A week after exiting a scholarship program for economically disadvantaged children over what it cited as anti-LGBTQ policies at a handful of private schools, Fifth Third Bank announced this morning it will continue supporting the program.
“We have looked at the annual performance evaluation mandated by the state of Florida, spoken to policymakers and community leaders in Florida and other constituencies, and held detailed conversations with AAA management about the program. Importantly, we have been assured that students and their families make the decision as to which schools best fit the individual student’s educational needs. The choice is entirely up to them,” the bank announced in a press release.
The bank contributed $5.4 million last year to AAA Scholarship Foundation to fund scholarships for low-income students under the Florida Tax Credit Scholarship program. The bank reconsidered its position after the program came under fire from LGBTQ advocates following an Orlando Sentinel story that claimed 83 schools had policies that would prohibit LGBTQ students from enrolling.
At least one school had already come forward announcing it no longer discriminated against LGBTQ students.
The Florida Tax Credit Scholarship program serves 108,570 economically disadvantaged students this year. Of the students, 71 percent are black, Hispanic or mixed race and more than half live in single parent households. The average household income of participating students is just 8 percent above the poverty level. Once students are awarded scholarships, their parents or guardians are free to choose among more than 2,000 approved private schools.
Currently, 1,836 private schools enroll one or more students through the tax credit scholarship program.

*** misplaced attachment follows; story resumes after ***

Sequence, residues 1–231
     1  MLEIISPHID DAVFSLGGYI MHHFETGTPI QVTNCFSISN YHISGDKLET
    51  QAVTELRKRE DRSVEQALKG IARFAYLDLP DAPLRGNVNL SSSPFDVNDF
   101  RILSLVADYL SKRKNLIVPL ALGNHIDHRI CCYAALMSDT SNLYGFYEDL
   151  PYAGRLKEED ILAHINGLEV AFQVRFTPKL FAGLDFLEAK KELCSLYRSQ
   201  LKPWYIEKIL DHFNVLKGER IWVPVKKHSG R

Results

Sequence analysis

Elijah Robinson, an LGBTQ student attending a faith-based Christian school in Jacksonville, spoke at a press conference earlier this week organized by the Florida African American Ministers Alliance. The 18-year-old told an audience of more than 200 faith leaders, educators and families that he had been bullied over his sexuality at his prior public school. At the press event Elijah said the scholarship saved his life.
Robinson thanked Fifth Third Bank in a press release issued by the ministers alliance this morning.
“All I can say is wow, and thank you,” Elijah wrote. “This means more students like me will be able to find safe schools where they can be who they are and focus on learning.”
Robert Ward, chairman of the ministers alliance and pastor of Mount Moriah Missionary Baptist Church in St. Petersburg, said he was “overjoyed” to see Fifth third Bank return to the Florida Tax Credit Scholarship program.
Civil rights icon H.K. Matthews, who also appeared at the news conference, said the bank’s decision will restore hope to parents across the state who thought the lifelines to a better life for their children were being cut away.
“We cannot thank them enough,” Matthews said.
Another member of the ministers alliance, Luis Vega, founder of The Way Christian Academy in Tampa, also expressed thanks.
“We are grateful to Fifth Third Bank for putting the interests of thousands of low-income students firs,” Vega said. “The company’s contributions have been a game changer for our most vulnerable children, and it is just amazing to hear that they will resume.”
Step Up For Students, which hosts this blog and is one of the fundraisers for the tax-credit scholarship, issued a statement noting the organization is dedicated to providing scholarships to disadvantaged Florida students to attend the school of their choice.
“We believe all children deserve the opportunity to attend a school that best fits their needs – especially our most vulnerable students who are lower-income, victims of bullying, have unique abilities and those who identify as LGBTQ,” Step Up officials said in the statement.